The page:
Historic Downtown Marion Alabama is primarily known as the home of Marion Military Institute and Judson College, but those famous schools are but one facet of this history-rich community. Much of Alabama’s Civil War and Civil Rights story was written here.
The City of Marion is a city of diversity. From its people, land, weather, and its location, it is full of balance with the contrasts it provides. The generous rains of the changing seasons feed the streams and creeks that run throughout the city. Coursing through the city is one of America’s last free running wild rivers, The Cahaba, a river that boasts more species of fish than any other in the United States. Marion is filled with public sites, homes, churches, educational centers, halls, and institutes.
Marion Alabama History
Formerly the territory of the Creek Indians, it was founded shortly after 1819 as Muckle Ridge. The city was renamed in honor of Francis Marion, the “Swamp Fox,” hero of the American Revolutionary War, in 1822. It incorporated as a town the same year and also became the second county seat after the hamlet of Perry Ridge was unsuitable. In 1829, it upgraded from a town to a city. From the very early days, Marion created considerable history for a small town on the western frontier of Alabama. The old City Hall (1832) is but one of many antebellum public buildings, churches, and homes in the city today.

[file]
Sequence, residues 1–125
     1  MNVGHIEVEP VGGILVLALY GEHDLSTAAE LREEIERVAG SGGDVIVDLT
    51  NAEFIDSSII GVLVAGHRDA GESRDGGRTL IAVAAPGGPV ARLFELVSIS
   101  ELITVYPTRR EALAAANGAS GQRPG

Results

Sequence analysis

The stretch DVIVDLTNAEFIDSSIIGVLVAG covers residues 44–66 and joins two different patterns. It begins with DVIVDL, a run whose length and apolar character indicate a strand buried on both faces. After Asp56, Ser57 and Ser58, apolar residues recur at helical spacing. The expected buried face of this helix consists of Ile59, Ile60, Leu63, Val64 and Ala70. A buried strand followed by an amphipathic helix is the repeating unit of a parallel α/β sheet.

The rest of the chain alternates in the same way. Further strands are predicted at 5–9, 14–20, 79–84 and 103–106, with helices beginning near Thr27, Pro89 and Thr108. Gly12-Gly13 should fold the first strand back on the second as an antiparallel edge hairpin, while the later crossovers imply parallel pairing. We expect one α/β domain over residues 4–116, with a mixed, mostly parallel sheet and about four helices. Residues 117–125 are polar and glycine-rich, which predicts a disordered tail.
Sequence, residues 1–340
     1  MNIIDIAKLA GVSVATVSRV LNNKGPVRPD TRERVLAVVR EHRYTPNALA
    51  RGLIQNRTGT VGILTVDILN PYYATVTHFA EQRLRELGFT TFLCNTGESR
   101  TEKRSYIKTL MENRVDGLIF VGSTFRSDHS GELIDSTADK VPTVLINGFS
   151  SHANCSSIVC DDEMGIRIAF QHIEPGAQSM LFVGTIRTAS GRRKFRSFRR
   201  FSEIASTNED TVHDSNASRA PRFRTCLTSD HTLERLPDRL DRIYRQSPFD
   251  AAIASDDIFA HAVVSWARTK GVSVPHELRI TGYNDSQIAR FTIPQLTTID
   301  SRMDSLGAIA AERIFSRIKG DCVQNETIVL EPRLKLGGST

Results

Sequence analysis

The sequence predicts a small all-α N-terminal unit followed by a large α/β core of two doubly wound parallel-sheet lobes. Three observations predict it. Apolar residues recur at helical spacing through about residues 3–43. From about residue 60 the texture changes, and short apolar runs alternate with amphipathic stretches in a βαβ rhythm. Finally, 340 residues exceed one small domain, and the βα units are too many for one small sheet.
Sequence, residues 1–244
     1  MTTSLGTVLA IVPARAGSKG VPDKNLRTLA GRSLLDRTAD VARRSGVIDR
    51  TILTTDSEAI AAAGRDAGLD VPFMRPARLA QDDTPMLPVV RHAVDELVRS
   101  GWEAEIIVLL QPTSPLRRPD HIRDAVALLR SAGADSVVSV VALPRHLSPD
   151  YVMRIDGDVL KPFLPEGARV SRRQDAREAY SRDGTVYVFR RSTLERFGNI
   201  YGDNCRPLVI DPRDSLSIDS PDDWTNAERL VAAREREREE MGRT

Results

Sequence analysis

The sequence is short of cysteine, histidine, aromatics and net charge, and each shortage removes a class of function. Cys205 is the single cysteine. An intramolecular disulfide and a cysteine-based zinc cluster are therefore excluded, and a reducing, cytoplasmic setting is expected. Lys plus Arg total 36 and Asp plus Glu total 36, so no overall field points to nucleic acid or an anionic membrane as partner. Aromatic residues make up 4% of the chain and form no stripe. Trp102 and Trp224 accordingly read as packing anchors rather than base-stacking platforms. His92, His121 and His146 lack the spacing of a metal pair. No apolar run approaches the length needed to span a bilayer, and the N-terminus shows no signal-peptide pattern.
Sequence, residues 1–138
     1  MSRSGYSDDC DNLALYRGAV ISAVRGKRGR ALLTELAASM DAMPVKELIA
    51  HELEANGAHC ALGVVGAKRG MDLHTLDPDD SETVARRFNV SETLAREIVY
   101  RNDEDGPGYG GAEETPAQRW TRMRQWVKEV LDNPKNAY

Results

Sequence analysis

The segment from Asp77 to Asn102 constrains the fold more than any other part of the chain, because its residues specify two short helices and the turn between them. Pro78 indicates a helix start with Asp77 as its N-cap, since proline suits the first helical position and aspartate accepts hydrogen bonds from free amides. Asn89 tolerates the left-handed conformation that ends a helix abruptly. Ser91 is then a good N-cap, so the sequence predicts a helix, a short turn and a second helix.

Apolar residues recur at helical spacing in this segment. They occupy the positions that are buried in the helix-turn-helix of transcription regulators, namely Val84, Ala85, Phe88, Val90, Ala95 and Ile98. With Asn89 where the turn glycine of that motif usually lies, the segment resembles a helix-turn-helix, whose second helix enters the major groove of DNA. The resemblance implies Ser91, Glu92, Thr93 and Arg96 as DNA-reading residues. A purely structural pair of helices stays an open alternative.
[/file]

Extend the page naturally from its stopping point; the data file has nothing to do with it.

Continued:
General Sam Houston, while between terms as 1st and 3rd President of the Republic of Texas, married Margaret Lea of Marion in the city in 1840.
At the 1844 meeting of the Alabama Baptist State Convention in Marion, the “Alabama Resolutions” were passed. This was one of the factors that led to the 1845 formation of the Southern Baptist Convention in Augusta, Georgia.
Wikipedia contributors, “Marion, Alabama,” Wikipedia, The Free Encyclopedia, https://en.wikipedia.org/w/index.php?title=Marion,_Alabama&oldid=845067884 (accessed July 6, 2018).